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Movie Reviews

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    REVIEW | Sweet Sounds: John Carney's "Once"

    A new almost-musical from Ireland, "Once" neatly transcends even the hoariest of cliches about the sublime communicative powers of pop music. This is a treat and a surprise, as films this slight and unassuming often seem more apt to curl up into themselves than approach any sort of expansiveness. A...

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    REVIEW | Unspoken Truth: Tsai Ming-liang's "I Don't Want to Sleep Alone"

    Even as Tsai Ming-liang nearly hypnotizes the viewer with his elegantly composed static images and methodical pacing, rarely does a filmmaker encouraged such active engagement with stillness. The Taiwanese director might be the visual narrative stylist par excellence working in cinema today; an entire story, a life, a world, breathes through his films, even as he rarely burdens them with language. Often, it will take a moment for your senses to adjust to a new Tsai composition - at once teeming with life and emptied out, this place will force your eyes to wander and scan the frame for signs of movement, color, or familiarity. Tsai gives us ti...

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    REVIEW | Remote Control: Julia Loktev's "Day Night Day Night"

    There's no doubt that filmmaker Julia Loktev makes quite an impression with her debut feature "Day Night Day Night," which shows off her expertise at oblique storytelling and subjective suspense. Yet the bigger questions of why "Day Night Day Night" exists, and what tensions it's capitalizing on can...

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    REVIEW | Picking Up the Pieces: "Paris, je t'aime"

    Chock-a-block with recognizable directors and thespians, "Paris, je t'aime" is a series of vignettes commissioned by producers Emmanuel Benbihy and Claudie Ossard. Each of its 18 segments is ostensibly connected through the concept of L'amour in the City of Lights (introduced, dazzling, under millennial fireworks), which is presumably more spiritually satisfying or noteworthy than the provincial love practiced in, say, Lexington, Kentucky. As a personalized triptych through Paris, the city and entity, there's not much here; read Edmund White's "Stroll Through the Paradoxes of Paris" if you're in the market for local color. And taken as a whol...

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    REVIEW | Frozen Assets: Dominique Abel, Fiona Gordon, and Bruno Romney's "L'Iceberg"

    Considering "L'Iceberg," a cute-as-a-button-and-about-as-sharp-as-same feature debut comedy from Belgium by writing/directing/acting team Dominique Abel, Fiona Gordon, and Bruno Romney, it seems the deadpan ethos of Wes Anderson has found a home in mainland Europe. In a way, this style has come full circle - one of his guardian angels, Jacques Tati, harkened from France, and it makes conceptual sense that the playful wonders of controlled composition and quirky production design should return to their Gaul origins. But something has gone wrong here. Despite a desire to provide the most whimsical of entertainments, "L'Iceberg" feels contrived ...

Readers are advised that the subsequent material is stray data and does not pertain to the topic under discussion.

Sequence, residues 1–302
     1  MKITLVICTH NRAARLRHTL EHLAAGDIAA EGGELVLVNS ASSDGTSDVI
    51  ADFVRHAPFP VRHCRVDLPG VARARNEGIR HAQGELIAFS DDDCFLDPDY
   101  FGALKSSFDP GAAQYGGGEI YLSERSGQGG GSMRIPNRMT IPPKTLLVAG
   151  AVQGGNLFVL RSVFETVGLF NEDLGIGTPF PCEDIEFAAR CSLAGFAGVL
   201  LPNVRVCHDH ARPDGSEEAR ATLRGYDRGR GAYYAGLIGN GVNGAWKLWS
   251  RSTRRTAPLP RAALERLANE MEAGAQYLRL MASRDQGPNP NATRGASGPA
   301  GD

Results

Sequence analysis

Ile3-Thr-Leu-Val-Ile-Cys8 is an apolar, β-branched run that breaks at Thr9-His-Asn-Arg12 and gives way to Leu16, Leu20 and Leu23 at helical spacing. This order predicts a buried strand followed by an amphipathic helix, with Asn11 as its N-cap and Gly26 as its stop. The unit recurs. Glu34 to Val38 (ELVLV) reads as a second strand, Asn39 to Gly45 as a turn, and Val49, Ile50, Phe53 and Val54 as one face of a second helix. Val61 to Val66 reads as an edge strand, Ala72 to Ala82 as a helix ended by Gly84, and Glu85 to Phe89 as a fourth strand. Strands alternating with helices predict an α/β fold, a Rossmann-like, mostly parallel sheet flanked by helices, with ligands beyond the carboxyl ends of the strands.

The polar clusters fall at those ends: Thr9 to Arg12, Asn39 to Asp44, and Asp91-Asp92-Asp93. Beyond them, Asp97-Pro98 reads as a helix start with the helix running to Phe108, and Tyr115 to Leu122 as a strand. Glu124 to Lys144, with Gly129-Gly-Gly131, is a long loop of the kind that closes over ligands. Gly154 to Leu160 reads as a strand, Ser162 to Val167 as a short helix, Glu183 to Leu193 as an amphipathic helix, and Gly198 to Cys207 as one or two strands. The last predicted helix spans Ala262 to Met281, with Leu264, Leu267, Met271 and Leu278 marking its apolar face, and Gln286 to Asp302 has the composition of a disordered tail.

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    REVIEW | Terror Bull: Jeff Renfroe's "Civic Duty"

    Waiting for "Civic Duty" to start, I browsed its synopsis: an everyday guy, recently unemployed, spends all day taking in alarmist TV news and, saturated with images of swarthy bad guys, decides to undertake a paranoiac surveillance operation on his new Middle Eastern neighbor. As the lights went do...

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    TRIBECA '07 | Critics Notebook 4: Reel Politic

    Hollywood cranked out a plethora of movies about World War II and the Korean War as they were being fought. But it took years after Vietnam and the Gulf War for the U.S. to make fiction features about them. Today, American documentarians are pretty much the only filmmakers addressing the wars in Iraq and Afghanistan. The time lag between event and product for narrative films is a truism, but if this country could swing it in the '40s and '50s, why not in the '70s and the '00s? America is not the only nation with a blind spot. Most Tribeca Film Festival films about current conflagrations are docs, and a majority of the fiction features that de...

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    REVIEW | In Loving Memory: Sarah Polley's "Away from Her"

    For moviegoers, the thought of "losing" Julie Christie might simply be too much to bear. That's why Sarah Polley's got a devastating hook in her crystalline feature debut "Away from Her": as Christie's Alzheimer's-afflicted Fiona slowly slips away from her husband Grant (Gordon Pinsent), she's also gradually fading from us, viewers, lovers of her vivaciousness, her glamour that never overshadowed her wisdom. In fact, it's the very mystery of Julie Christie - that actress who so enchanted moviegoers in the Sixties and Seventies with her delicately modulated brand of lush femininity and strong independence - that functions as "Away from Her"'s ...

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    TRIBECA '07 | Critics Notebook 3: The Evolution and Whither American Indies

    1. Whither American indie films?2. Do they evolve?3. Or wither?

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    REVIEW | Bad Education: Emmanuel Bordieu's "Poison Friends"

    "Poison Friends" revives a rare pleasure of moviegoing: articulacy. Ten years ago Phillip Lopate diagnosed a "Dumbing Down of American Movies," and the disproportionate praise given to reactionary "realism" in recent indies suggests that, as expectations shrivel, things have gotten stupider across t...

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